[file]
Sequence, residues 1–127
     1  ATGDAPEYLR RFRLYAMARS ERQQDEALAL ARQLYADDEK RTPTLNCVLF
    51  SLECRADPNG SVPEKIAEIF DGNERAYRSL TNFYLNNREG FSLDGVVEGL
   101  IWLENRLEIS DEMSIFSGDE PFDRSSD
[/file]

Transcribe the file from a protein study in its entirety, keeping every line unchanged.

Sequence, residues 1–127
     1  ATGDAPEYLR RFRLYAMARS ERQQDEALAL ARQLYADDEK RTPTLNCVLF
    51  SLECRADPNG SVPEKIAEIF DGNERAYRSL TNFYLNNREG FSLDGVVEGL
   101  IWLENRLEIS DEMSIFSGDE PFDRSSD